By Kelli Heitstuman-Tomko
The world can be saved by a college campus. Just ask a canvasser.
Recent scandals surrounding the Central Asia Institute and Invisible Children concerning misspent funds, though, are enough to have even the most charitable student casting suspicious glances at the canvassers who frequent the campus. Can they — or their organizations — really be trusted?
There’s good news. The non-profit organizations that are most visible on campus — Planned Parenthood, Save the Children and Greenpeace — all pass muster. These organizations spend less than 30 percent of money donated to benefit their cause on administrative and other miscellaneous costs.
Does knowing where the money goes make a difference to the charitable? Would they withhold contributions if more is spent on administrative costs than on the actual program? Ryan Daley, a private banker with Wells Fargo says not so much.
“Most people donate to what’s important to them regardless of the issues surrounding the charity,” Daley said.
Metro senior Mallory Vining didn’t balk at the thought of giving to a charity that spent up to half of its donations on administrative fees, since the charity was getting the money because of the canvassers out asking for donations.
“They have to get paid somehow,” she said.
Charities are expected to maintain a level of transparency, allowing donors to see annual reports and evidence of progress. For students who want to donate and would like to know more about not only how charities operate, but also what choice of organizations they might have, there are a couple of options:
• If the most visible charities are not the preferable choice, Auraria Higher Education Center has a list of organizations that are either associated with the school or use the campus grounds during fundraising, but are not out in plain sight every week.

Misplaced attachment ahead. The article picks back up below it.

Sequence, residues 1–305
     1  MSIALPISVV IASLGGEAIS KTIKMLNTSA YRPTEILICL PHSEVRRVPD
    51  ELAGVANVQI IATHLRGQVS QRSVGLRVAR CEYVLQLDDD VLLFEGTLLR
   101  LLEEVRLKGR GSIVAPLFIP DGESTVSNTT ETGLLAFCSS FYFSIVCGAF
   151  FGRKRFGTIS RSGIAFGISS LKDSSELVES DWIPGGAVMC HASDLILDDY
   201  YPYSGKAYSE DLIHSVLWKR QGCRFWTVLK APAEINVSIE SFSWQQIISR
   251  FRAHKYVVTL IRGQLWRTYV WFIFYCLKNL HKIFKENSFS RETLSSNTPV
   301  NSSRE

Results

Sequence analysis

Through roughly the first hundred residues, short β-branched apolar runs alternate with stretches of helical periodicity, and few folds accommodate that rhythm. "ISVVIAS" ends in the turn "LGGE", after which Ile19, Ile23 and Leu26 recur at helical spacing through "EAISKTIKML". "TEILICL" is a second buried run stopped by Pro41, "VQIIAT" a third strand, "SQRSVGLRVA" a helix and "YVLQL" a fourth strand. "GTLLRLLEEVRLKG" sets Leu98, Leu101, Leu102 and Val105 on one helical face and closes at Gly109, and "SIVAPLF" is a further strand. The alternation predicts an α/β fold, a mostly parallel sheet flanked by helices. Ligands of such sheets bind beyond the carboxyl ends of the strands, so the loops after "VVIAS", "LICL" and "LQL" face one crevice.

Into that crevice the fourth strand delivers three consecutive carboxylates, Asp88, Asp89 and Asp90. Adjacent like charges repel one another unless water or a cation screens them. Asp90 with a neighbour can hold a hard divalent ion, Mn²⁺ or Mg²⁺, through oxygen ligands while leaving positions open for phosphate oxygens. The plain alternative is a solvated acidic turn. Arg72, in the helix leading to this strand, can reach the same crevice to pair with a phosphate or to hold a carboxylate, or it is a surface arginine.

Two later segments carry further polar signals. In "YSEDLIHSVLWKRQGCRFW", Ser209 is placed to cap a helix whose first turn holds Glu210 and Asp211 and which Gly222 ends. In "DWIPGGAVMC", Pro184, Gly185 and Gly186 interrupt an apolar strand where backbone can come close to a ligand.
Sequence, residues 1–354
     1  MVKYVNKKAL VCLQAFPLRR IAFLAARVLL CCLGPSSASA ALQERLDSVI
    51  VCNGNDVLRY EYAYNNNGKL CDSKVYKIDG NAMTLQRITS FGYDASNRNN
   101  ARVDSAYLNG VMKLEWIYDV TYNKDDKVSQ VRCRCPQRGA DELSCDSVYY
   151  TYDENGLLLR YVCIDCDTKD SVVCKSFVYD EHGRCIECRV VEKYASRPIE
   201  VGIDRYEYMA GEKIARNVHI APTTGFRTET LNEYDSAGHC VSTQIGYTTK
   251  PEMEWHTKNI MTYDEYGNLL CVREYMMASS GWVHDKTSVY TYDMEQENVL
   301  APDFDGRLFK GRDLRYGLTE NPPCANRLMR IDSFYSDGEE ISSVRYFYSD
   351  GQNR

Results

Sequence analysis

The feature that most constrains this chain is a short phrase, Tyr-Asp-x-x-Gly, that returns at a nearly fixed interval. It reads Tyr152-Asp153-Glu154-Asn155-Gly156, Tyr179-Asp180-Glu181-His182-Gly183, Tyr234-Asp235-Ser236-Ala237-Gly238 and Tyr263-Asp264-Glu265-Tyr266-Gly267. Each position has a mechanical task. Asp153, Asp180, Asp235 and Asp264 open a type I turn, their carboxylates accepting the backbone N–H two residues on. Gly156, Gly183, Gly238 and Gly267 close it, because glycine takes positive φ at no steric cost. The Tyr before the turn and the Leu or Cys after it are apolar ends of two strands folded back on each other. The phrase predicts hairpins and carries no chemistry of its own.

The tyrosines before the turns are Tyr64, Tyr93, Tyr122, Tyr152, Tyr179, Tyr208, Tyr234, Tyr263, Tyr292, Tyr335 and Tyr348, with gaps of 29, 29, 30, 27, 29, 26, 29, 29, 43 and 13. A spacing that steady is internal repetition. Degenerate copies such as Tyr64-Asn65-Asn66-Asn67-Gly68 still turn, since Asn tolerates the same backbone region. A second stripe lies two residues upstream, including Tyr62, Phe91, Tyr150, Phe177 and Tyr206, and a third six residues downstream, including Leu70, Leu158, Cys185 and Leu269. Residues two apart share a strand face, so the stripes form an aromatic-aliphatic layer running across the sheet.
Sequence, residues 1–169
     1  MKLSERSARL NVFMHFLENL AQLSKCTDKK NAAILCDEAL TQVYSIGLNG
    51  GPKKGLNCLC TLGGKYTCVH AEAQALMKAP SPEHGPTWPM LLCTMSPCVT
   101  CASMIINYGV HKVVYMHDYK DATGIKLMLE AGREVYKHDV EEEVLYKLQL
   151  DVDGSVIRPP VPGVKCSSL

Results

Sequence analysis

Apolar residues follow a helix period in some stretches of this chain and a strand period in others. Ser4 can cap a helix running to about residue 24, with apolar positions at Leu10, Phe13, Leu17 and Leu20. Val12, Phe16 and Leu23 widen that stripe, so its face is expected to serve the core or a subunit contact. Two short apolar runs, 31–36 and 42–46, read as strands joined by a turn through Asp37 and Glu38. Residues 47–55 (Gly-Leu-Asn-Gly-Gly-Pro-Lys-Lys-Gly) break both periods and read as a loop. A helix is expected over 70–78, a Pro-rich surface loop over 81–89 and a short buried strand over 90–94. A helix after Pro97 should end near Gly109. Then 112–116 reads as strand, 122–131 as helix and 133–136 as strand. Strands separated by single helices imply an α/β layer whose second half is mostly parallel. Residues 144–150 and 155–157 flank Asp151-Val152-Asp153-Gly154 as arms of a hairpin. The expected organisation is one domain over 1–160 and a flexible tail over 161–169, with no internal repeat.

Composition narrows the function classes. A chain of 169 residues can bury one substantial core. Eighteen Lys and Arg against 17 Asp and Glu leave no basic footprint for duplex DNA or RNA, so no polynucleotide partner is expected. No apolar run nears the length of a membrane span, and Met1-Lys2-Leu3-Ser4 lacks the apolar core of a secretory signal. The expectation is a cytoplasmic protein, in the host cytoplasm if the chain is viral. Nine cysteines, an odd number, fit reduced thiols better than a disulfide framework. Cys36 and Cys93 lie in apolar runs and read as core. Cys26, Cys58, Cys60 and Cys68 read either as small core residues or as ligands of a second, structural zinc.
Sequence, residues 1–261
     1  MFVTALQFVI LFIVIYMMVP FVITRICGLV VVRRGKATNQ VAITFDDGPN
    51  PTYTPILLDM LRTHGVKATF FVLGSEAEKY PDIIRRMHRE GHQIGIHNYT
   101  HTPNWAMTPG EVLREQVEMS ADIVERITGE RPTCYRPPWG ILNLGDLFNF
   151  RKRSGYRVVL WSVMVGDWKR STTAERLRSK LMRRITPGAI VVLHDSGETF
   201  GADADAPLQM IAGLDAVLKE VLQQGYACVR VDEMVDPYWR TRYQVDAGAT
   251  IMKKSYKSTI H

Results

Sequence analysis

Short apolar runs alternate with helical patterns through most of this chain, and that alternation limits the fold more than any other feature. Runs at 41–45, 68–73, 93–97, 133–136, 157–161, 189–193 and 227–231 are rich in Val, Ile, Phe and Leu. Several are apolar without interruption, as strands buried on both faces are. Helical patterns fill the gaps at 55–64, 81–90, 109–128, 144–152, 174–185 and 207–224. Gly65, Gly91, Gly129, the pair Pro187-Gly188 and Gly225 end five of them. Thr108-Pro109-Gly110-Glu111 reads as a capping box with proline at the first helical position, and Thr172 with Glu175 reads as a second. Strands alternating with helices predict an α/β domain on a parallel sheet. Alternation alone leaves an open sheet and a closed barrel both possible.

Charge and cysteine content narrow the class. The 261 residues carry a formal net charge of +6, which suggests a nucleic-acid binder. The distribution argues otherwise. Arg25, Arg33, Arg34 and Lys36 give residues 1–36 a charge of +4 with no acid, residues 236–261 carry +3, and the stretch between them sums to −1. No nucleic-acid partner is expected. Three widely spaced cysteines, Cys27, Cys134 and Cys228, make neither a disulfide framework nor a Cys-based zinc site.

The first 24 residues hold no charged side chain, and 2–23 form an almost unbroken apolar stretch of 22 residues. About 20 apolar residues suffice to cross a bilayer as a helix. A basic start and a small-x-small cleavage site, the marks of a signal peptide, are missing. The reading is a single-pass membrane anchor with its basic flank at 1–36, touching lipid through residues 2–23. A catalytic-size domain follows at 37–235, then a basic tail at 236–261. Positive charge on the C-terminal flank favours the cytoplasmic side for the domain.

• All non-profit organizations are required to file a form 990 with the IRS. This form lists all of an organization’s revenues and expenses and is available to the public. Contributors expect openness in the organizations they support, such as posting financial reports on charity websites. Websites like Guidestar.org will offer the 990 to registered users.
• Not everyone is good with a finance report. That’s what makes CharityNavigator.org such a great website. CharityNavigator breaks down the finances into percentages and rates a non-profit charity on how much of a donation actually goes to the people that it’s intended for.
Sometimes charity needs a face to encourage giving. For students who want to give but wish they could see what their donation does, Denver Voice gives contributors the opportunity to see exactly who benefits from a donation.
According to Donavan Cordova, Denver Homeless Voice vendor director, vendors attend an orientation and get their first 10 papers free to sell for donations. When a student puts money into the hands of a vendor, it belongs to that vendor, regardless of how much is given.
“Vendors buy their papers for 50 cents and sell them for a $2 donation,” Cordova said. “Or sometimes they get $5, or sometimes it’s $20. Whatever they get is theirs to keep.”
It is important to understand how organizations work before making a judgment about how they spend money. The Colorado Public Interest Research Group, or CoPIRG, spends 73 percent of their donations on administrative costs. But CoPIRG is a group that researches special interests and their abuses.
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